When Brewster Kahle sees a problem, -- preferably a big, hairy, audacious problem -- he's likely to ask, without blinking, "Where do we start?" That's the approach he's taken to his (and our) current task, providing "universal access to all human knowledge."
Where most of us would be overwhelmed by the sheer size of the task, Brewster sees a challenge to be categorized and attacked systematically: Why can't we as a society share with all of our members the learning we've produced? What does that mean? Well, let's say there are 26 million books in the Library of Congress; 2-3 million sound recordings; maybe 100,000-200,000 theatrical releases and as many more video ephemera; 50 million websites; 1000 channels of television. For each chunk, the Internet Archive has a project: The Internet Bookmobile and million book project; live music archive; moving image collections; and, of course, the Wayback machine.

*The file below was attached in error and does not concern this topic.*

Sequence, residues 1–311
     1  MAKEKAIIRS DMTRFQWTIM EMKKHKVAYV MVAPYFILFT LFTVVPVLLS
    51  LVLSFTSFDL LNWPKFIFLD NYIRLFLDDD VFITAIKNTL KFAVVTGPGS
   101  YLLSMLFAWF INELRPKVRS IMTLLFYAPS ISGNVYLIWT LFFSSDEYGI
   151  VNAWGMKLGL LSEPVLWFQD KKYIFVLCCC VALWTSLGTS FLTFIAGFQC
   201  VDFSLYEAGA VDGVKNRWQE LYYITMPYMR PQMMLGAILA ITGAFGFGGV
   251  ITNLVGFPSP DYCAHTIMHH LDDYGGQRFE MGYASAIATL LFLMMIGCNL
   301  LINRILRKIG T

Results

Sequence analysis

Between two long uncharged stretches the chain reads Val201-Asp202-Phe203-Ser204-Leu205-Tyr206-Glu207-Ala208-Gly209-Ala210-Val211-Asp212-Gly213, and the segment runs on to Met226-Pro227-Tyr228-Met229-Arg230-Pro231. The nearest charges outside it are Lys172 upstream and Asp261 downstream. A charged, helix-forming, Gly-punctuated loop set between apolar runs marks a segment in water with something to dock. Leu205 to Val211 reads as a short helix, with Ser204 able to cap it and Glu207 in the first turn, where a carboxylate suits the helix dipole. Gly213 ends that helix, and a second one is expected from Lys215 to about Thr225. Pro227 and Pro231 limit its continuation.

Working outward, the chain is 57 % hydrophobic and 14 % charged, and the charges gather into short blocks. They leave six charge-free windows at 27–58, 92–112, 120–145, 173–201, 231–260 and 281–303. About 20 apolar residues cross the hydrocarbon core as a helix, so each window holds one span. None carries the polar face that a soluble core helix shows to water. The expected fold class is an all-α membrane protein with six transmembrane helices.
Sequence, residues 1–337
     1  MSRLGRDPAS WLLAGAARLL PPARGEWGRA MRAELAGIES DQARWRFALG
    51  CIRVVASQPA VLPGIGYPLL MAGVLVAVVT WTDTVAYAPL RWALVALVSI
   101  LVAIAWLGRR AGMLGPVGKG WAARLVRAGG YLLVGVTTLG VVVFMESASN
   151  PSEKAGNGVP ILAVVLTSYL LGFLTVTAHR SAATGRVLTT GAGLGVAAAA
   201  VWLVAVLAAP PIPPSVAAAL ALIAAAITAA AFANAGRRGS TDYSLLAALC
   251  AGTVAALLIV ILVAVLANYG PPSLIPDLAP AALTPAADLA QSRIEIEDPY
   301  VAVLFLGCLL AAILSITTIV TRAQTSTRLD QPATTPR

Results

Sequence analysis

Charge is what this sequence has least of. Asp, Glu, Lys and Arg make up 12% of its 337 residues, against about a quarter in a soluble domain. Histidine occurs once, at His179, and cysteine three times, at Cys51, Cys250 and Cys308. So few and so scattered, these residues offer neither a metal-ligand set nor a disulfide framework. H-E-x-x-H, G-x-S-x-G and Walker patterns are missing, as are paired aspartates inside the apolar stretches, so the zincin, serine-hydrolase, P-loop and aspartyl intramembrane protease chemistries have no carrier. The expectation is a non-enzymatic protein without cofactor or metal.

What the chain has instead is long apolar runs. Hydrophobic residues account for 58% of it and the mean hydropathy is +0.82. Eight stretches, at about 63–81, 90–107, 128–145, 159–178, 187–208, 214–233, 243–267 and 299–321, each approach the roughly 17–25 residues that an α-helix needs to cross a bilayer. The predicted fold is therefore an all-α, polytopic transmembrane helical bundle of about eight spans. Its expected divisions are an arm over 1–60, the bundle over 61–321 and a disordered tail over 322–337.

In his closing keynote for CFP, Brewster asked three questions about this universal access to all human knowledge: "can we?" "may we?" and "will we?" He expressed little doubt on the first -- technology can get us there if we have the will. As for the "may we?", to Brewster's credit, he's not willing to let the law block his vision. So he starts with public domain and permission-granted works, and builds. Perhaps that takes us to the point where the archives speak for themselves, begging to be filled first with orphan works, then classics, then ....
May we all share Brewster's will.